Ortner, Sherry B., 1941-. High religion: a cultural and political history of Sherpa Buddhism

Table of Contents

Publication Information

Chapter I Introduction: The Project, The People, And The Problem

Who Are The Sherpas?


Expanding Practice Theory

Chapter Ii The Early History Of The Sherpas: Fraternal Contradictions

Time Frame

The Sources

Migration, Settlement, And Subsistence

Family And Inheritance

Egalitarianism And Hierarchy: The Core Contradiction

Inheritance, Economy, And Inequality

Leadership And Power

Religion Before The Temples

Chapter Iii The Founding Of The First Sherpa Temple: Political Contradictions

Time Frame

The Novelty Of Noncelibate Temples

The Stories Of The First Founding

The Political Rivalry With Zongnamba

Contradictions Of The Political Order

Chapter Iv The Meaning Of Temple Founding: Cultural Schemas

Cultural Schemas

The Founding Of Zhung Temple

The Schema

Rituals For Gaining The Protection Of The Gods

“grounding” The Schema

Merit And Power

Chapter V The Sherpas And The State

Time Frame

The Period Before The Temples (1533–1720)

The Further Evil Ways Of Zongnamba

The Gorkha Conquest And Long-term State Interference

The Enrichment Of The Big People

The Founding Of Khumjung Temple

Controlling The Big People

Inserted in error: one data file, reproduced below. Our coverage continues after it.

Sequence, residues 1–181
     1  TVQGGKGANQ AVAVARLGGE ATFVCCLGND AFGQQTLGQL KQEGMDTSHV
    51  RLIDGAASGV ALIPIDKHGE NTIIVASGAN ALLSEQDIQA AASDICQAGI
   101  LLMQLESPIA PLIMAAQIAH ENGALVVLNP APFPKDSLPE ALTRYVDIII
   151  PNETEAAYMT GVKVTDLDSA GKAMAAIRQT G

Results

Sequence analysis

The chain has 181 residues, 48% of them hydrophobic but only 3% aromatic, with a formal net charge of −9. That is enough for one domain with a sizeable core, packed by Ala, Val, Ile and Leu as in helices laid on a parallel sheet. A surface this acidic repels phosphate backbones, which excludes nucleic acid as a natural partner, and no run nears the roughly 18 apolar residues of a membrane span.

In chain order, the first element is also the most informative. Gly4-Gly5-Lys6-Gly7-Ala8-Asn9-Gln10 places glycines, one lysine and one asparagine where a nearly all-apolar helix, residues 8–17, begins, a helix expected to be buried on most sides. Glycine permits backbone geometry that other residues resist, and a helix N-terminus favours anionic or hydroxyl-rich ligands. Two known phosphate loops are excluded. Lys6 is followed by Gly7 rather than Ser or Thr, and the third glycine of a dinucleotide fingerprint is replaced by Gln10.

Chapter Vi The Political Economy Of Monastery Foundings

Time Frame

Getting Rich With The Raj And The Ranas

The Effects Of The British In Darjeeling In The Second Half Of The Nineteenth Century

Trade And Profit: The Further Enrichment Of The Big People

The Continuing Contradictory Impact Of The Nepal State

The State As A Source Of Wealth

More Pembu Conflict

Further Political Erosion

Chapter Vii The Big People Found The Monasteries: Legitimation And Self-worth

Actors And Schemas

The Founding Of Tengboche, 1916

Karma As Hero

The Lamas And The Schema

Building Tengboche: 1916–1919

The Founding Of Chiwong, 1923

Building Chiwong (1923–1929)

Sangye As Hero

Legitimation From The Big Point Of View: Prestige And Merit

Chapter Viii The Small People

Who Are The Small People?

The Sherpas In The Larger Economic Context Of Nepal

The Genesis Of Smallness